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I started lifting when I was back in school, about 18 years ago. I had a bunch of friends who started lifting before me and I was so impressed with their gains that I HAD to do it! I knew from that day on, this was my calling. You have to understand that I really sucked at sports back in school. So getting some decent results from weight training motivated me even further. I knew that I had total control of my progress and depended on nobody else but myself. I needed that individuality.
As a newbie, I drowned myself with plenty of books and magazines on bodybuilding and weight training. I was obsessed and so intrigued with the musculature of a human body. At times I copied the workout of the professionals, which on hindsight may have been a bit too intensive for me.
I also learnt that we respond differently to various exercises. For example, I always read the bench press would get me a huge barrel chest but all I got from it was huge delts and a flat chest! So I learnt to experiment with dumbbells and working the chest from various angles to stimulate my chest to grow.
It is very important to not leave anything to chance and that involves primarily your meals and preparing them ahead of time OR sourcing good food choices when you're on the go.
You need to be religious about the training, the food intake, your rest, supplementation. One without the other equals zero. Staying focused on your goals and what you want to achieve is challenging every single day but it needs to be done if you want to be at your best.
Absolutely! Music keeps me pumped and motivated during my workouts and my cardio sessions. My playlist has a wide genre of songs from metal, rock, rap, dance and I always have it on shuffle, which keeps it interesting.
It all boils down to my mind and how badly I want it. I think about my ultimate goal, my competition and how I'm going to look at the end of the journey. When I'm in the zone, there is nothing that's going to stop me.
I always prepare everything ahead of time. My life is so structured in that way. Even when I'm taking a few weeks off from the gym to recover, I still plan my meals and cardio workouts. Having done this for so many years, it is only natural for me to plan every aspect of my life. This is the discipline that bodybuilding has taught me and it's second nature now.
I'm proud that I've been in this game for close to 18 years and I'm not done! I've seen many athletes come and go but I've been very consistent with my training and nutrition and I only get better with age. That's the advantage of muscle maturity!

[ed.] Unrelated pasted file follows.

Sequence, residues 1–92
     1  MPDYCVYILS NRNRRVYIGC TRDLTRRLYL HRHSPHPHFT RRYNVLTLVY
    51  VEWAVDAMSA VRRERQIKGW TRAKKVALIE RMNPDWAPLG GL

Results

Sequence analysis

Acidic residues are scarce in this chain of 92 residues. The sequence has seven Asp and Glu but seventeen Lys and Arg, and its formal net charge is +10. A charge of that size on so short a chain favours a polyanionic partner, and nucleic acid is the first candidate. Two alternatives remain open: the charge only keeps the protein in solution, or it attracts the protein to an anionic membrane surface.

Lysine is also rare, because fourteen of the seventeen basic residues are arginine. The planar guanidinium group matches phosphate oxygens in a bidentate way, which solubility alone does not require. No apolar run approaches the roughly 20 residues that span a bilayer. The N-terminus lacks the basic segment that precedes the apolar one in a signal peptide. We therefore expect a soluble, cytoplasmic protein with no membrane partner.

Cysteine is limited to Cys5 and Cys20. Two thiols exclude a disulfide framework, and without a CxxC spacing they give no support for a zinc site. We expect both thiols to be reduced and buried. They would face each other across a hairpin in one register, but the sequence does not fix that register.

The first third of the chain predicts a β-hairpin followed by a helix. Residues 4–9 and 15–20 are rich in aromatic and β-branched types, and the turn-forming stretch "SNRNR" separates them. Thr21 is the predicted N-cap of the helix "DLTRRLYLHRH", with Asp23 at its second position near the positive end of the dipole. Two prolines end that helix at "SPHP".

My ultimate goal is to inspire and motivate people to be at their best, to give them direction and be a positive influence. This is my destiny and I can't see myself doing anything else.
I stay fairly lean in the off-season and my weight only goes up by 15 to 20 lbs above contest weight. Any heavier than that, I would feel it in my knees and lower back. I have very small joints so any unnecessary weight is detrimental for me. Also I want to look like an athlete all year round.
I move between several cardio machines like the stepper, treadmill, elliptical machine or I may even head outdoors for a brisk walk and do some stair climbing. Variety is the key to stay motivated and consistent. You also need to incorporate various cardio exercises to utilize all areas of your leg muscles.
So far I've been training 1 body part per day and I'll do additional touch up exercises for other areas that needs more work on. My training split is:
Monday: Quads, calves
Sunday: Hamstrings, calves.
I'll choose 4 to 5 exercises per body part. I perform around 3 to 5 sets and I keep my reps above 10. Only occasionally do I train below 8 reps. I like training legs with higher reps like 15 to 20. That really pumps alot of blood and nutrients into your legs, stimulating them to grow.
I don't have a fixed set of exercises that I do every workout. I will go by how I'm feeling on a particular day, I'm more instinctive. I'm no longer in my 20's and I can't be haphazard about my training, which will lead to injury. Right now, I pay a lot of attention to warming up thoroughly, stretching as well as doing a lot more isolation movements before hitting the heavy weights.
My focus and emphasis is more on feeling my muscles being worked from start to finish rather than just hoisting tremendous amount of weight BUT using the wrong muscles.
I follow a medium carb / high protein diet from 15 weeks out and gradually decrease the carbs along the way until I'm only having one or 2 carb meals a day. Which is roughly 80 to 140 grams of carbs a day. Somedays I will drop it further depending on how I look, some days I'll jack my carbs up to 400 to 500 grams a day to shock my system. That would be my refeed day, which always makes me smile:)
When I first started training, Shawn Ray was my biggest influence and he helped define my training philosophies and pathway in this industry. I admire anyone, not only champions who are willing to make the commitment and sacrifice to be at their best, even through the trials and tribulations.
I'm very fortunate to have an awesome supplement sponsor Nutrifirst.net and they provide me with a wide range of supplements to choose from. My basic and most effective stack would be, Glutamine, BCAA's, Whey protein and a good multi vitamin and mineral pack.
Weight: 195 lbs
Follow Adrian on Instagram at: @theadriantan
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